The contest was devised in the hopes of celebrating recent pedagogical innovation, inspiring creative new approaches, and creating an additional forum for conversations about Romantic pedagogy—both its boons and challenges.  Teachers of all ranks may submit teaching materials, and a panel of three to four finalists will be selected to discuss their pedagogy during a panel, open to the public, at the annual NASSR conference. 

Exemplary submissions consider how teaching revivifies Romanticism, in any of its myriad forms.  For a list of previous winners and their syllabi, see the Pedagogies section of the Romantic Circles website.  Submissions might include a course that rethinks the period; a part of a course that addresses a specific author, theory, or literary problem; a special project, assignment, or a particular pedagogical technique.  We welcome the use of multimedia resources, digital techniques, and courses designed to use multi-modal digital platforms for learning and communication, but they are by no means required.  Courses and projects should be recent—within the past two academic years—or projected to be taught in the following one.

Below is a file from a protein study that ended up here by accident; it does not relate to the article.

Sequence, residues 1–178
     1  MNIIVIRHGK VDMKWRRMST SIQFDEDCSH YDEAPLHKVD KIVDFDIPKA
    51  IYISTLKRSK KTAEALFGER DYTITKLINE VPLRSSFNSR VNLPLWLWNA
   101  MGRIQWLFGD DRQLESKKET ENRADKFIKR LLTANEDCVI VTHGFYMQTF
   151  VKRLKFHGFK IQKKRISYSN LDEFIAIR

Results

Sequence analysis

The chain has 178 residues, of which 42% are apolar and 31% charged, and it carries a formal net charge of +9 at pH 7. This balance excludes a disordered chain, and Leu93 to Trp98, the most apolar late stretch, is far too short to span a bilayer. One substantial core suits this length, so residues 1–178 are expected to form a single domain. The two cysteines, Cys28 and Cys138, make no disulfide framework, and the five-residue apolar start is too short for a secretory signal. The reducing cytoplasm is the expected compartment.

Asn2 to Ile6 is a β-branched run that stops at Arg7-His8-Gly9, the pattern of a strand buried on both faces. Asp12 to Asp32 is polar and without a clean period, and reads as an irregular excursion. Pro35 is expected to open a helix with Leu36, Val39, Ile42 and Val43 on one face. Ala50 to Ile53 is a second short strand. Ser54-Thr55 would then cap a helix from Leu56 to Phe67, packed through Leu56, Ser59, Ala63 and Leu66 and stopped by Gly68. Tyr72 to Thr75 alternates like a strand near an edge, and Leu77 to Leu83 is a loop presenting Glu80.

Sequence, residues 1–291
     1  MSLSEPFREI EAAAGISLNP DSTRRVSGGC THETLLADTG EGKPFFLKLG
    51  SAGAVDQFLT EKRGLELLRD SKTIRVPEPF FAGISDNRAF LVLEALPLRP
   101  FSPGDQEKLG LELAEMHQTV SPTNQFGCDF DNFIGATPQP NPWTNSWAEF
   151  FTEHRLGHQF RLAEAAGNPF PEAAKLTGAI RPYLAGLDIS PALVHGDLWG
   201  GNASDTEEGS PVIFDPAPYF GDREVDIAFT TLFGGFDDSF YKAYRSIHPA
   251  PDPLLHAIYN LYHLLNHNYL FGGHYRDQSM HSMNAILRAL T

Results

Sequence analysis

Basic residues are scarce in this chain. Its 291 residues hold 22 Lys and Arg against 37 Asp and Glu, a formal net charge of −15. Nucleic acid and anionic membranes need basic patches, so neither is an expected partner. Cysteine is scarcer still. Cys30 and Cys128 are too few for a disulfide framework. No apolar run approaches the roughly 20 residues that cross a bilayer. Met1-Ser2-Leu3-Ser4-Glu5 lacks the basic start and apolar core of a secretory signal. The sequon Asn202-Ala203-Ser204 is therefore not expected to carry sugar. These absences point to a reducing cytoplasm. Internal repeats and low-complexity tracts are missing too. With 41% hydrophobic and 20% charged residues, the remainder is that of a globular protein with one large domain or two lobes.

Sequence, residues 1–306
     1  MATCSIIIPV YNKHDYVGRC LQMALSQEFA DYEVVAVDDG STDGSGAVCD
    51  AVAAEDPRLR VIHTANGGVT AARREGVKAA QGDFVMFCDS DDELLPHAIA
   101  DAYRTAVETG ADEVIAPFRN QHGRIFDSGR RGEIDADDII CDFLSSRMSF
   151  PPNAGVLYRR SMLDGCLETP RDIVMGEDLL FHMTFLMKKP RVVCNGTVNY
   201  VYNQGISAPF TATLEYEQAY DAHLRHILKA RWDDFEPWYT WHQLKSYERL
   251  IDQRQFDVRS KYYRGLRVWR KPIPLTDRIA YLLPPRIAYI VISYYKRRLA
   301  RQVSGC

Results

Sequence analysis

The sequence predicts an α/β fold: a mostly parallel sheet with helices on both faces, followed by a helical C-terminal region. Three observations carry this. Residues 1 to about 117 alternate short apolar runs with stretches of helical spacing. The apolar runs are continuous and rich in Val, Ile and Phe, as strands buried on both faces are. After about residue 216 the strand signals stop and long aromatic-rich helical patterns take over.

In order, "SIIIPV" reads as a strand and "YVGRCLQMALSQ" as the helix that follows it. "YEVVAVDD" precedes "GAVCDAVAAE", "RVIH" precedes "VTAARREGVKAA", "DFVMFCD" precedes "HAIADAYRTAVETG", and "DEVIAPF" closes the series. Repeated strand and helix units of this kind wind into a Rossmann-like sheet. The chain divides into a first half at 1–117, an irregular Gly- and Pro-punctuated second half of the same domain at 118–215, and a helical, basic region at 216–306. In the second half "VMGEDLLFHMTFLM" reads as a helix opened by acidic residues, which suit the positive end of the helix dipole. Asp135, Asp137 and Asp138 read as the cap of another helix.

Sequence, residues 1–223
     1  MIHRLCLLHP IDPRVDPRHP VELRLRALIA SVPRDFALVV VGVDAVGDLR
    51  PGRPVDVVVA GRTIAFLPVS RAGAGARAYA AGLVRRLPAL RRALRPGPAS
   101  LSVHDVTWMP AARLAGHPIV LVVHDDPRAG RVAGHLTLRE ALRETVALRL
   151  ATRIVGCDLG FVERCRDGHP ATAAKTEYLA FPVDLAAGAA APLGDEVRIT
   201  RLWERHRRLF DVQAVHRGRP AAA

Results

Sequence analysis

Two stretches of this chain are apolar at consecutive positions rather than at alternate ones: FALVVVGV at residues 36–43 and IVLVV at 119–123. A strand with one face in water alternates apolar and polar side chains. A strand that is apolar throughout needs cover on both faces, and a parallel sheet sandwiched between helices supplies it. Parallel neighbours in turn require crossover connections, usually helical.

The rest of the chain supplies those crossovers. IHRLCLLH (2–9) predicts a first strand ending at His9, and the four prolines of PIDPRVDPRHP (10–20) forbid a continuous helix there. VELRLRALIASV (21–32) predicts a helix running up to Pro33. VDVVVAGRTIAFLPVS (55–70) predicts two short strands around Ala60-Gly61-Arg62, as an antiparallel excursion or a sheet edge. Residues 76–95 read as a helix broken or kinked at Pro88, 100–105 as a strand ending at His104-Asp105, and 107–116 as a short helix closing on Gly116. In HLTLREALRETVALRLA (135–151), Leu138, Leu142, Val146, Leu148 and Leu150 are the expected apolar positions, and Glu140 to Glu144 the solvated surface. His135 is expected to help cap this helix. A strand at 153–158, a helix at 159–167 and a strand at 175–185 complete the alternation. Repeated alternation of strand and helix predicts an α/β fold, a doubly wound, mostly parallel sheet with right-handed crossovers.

After submitting a small packet of material, finalists are chosen via author-blind peer review by a committee composed of members of NASSR in the US, UK, and beyond, Romantic Circles, and the NASSR Graduate Caucus.  Finalists will give a short presentation on their courses and pedagogies at a special panel during the NASSR conference, and their syllabi will be published on the Romantic Circles Pedagogies website.  The winner, chosen after the panel, will receive a $250 award as well as recognition at the NASSR conference and in the NASSR Newsletter.

The contest is sponsored by the NASSR Advisory Board, the NASSR 2020 Organizing Committee, and the Romantic Circles website.


Please send a document of between 3-5 pages to by Friday, June 3, 2022. Please include a separate cover letter with identifying information, which should be left off all other documents.  Initial queries and questions are welcomed.

Potential materials might include but are not limited to:
– A cover letter and explanation of the submission, including an argument as to the course or project’s pedagogical innovation and benefits for the study of Romanticism. If the submission is a project or assignment, it has often helped participants to contexualize it within the aims of the larger course. Please include identifying information in this document, but omit it from the other documents and materials.
– Syllabus or parts of a syllabus
– Assignment sheets
– Multimedia or digital materials